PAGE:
PACT Youth Program In Full Swing In Parma Heights
Patrolman Jack Darnell and his colleagues in the Parma Heights Police Department are hoping a new community policing program will have a long-lasting positive impact in the community. After a Police and Citizens Together (PACT) town hall meeting November 15, the PACT Youth Program Kick-off event took place December 27 at the Cassidy Theatre. The December event was a holiday party for youth, and thereafter will be followed by twice-a-month meetings designed to tackle different important community issues – things like bullying, drug and alcohol use, truancy, goal-setting and character development. One of the two monthly meetings will be a recreational activity to promote fun for youth, and the second will focus on a particular issue. Topics to be discussed with youth will be selected by a “collaboration board,” made up of hand-selected community leaders, business owners, educators and police officers, Darnell said. Parma Heights Mayor Michael P. Byrne is among the members of that board.
“The goal of the program is to open the lines of communication between us (as law enforcement officers) and the young people in the community. “It’s our attempt to reach out to them and establish an on-going dialogue,” Darnell said. Currently, there are nine Parma Heights officers involved in the program, and they have already begun their community outreach efforts by going door-to-door, knocking on doors, and getting to know the residents in the community on a more personal level.
Officers involved in the program do so via established geographic zones in the four corners of the city. They include:
Zone 1 - Patrolman Brian Hansen
Zone 2 - Patrolman John Vinkler and Patrolman Andrew Fischer
Zone 3 - Patrolman Stephen Lindh and Patrolman Jack Darnell
Zone 4 - Patrolman Ronald Felkonis, Patrolman Jeffrey Dunnell and Patrolman Eric Taylor.
Sergeants Tanya Czack and Daniel Kravanis do not have assigned zones. They are supervisors for the PACT Unit and assist where needed.
The program will focus on students at Greenbriar Middle School and Valley Forge High School.
In two words, it’s all about relationship building.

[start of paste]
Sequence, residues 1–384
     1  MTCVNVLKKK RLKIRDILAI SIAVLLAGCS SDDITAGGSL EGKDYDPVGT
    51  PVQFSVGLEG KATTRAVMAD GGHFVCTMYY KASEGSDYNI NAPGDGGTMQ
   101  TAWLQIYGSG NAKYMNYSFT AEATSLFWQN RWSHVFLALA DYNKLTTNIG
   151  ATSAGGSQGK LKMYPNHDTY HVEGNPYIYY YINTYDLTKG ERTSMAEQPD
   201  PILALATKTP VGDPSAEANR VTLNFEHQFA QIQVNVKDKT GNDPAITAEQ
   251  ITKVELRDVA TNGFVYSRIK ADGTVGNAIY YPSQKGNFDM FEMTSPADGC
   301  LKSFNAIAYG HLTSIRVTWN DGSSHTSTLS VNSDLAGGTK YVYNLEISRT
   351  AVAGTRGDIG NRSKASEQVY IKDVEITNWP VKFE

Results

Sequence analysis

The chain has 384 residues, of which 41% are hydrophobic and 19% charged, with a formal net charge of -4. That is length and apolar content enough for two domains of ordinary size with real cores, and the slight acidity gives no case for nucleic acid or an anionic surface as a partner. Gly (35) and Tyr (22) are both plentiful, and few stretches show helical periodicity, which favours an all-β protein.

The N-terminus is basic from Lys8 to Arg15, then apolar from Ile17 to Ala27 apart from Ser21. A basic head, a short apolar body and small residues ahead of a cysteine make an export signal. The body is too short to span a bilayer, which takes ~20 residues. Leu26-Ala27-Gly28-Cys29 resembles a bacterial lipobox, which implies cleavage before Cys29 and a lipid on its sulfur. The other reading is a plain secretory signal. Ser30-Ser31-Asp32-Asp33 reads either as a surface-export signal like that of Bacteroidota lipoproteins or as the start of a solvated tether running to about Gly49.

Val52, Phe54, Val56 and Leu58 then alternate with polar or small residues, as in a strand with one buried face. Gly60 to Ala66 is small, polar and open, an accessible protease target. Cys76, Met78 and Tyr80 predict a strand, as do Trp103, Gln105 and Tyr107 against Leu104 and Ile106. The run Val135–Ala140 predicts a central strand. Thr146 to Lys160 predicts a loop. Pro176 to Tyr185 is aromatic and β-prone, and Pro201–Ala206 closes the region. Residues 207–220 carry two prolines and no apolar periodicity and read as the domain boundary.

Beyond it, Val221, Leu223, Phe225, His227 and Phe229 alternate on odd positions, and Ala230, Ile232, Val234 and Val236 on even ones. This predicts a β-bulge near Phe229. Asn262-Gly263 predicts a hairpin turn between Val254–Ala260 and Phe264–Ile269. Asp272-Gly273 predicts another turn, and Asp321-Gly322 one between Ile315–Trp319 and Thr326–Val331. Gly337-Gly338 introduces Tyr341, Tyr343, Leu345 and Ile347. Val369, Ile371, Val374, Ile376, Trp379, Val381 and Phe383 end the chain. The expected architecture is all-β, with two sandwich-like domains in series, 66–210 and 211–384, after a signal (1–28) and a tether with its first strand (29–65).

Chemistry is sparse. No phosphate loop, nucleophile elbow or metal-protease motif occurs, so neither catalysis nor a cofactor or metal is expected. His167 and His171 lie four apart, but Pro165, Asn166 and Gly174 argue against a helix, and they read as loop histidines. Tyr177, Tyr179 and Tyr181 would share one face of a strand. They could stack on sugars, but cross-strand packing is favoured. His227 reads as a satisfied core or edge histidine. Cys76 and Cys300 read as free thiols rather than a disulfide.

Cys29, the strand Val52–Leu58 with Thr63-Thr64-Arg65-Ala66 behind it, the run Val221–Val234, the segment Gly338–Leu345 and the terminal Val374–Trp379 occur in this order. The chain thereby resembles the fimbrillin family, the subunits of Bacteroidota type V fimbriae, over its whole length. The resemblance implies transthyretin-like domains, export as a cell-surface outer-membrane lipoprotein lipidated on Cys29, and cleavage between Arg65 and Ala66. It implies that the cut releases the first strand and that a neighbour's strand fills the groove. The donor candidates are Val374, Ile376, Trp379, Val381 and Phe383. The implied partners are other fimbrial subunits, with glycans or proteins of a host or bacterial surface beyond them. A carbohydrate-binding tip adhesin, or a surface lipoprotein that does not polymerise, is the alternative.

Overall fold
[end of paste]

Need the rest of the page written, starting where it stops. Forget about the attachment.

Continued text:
“I think the program provides police officers a chance to interact with those in the community they serve in a non-enforcement manner…to get together with people in a way that shows officers as the individuals they are. I think it humanizes it for the community,” Darnell explained.
How did all this get started?
Darnell applied for – and received – a $25,000 Ohio Office of Criminal Justice Systems community policing grant, which provides funds for man-hours, events and supplies, after the grant was brought to his attention by his colleague Sergeant Czack.
“There’s a handful of us that are passionate about community policing. When Sargeant Czack brought it to my attention, we thought this (grant) opportunity looked like a great way to get the ball rolling” Darnell said.
The grant runs through June 2018, and Darnell said there is an opportunity to re-submit for additional funding, “if what we attempt gets accomplished.”
Darnell, who has been with the Parma Heights Police Department for six years, thinks it can be a catalyst.
“I hope the program helps change the culture of the community as a whole,” he said. “We’re not responding to what we feel is a hostile community, or a community that does not have a positive outlook about us.”
He wants people to understand that the program at its core is an opportunity for a personalized experience with your local law enforcement officers. It allows for more consistent communication, and for officers to have a more personal impact on the people they are serving.
Darnell’s father, a retired Parma Heights Police Officer, began similar efforts years ago.
“My Dad worked as a D.A.R.E. (Drug Abuse Resistance Education Program) officer. “Through that, he saw the need for some mentoring, some role modeling, and the need to do things in a different way. He took it upon himself to get to know the people in his community on their level.”
Darnell said that Parma Heights officers are eager to be a part of their community through their work.
“My favorite part of the job is interacting with people,” he said. “Sometimes I feel we’re able to bring a sense of order and calm to an unstable situation. We’re able to leave it better than we found it. I love the variety of people we deal with. I like not knowing what the next person’s going to need from me, but (nonetheless) having a positive impact.”
Rick Haase handles Public Relations and Special Projects in the Office of Parma Heights Mayor Michael P. Byrne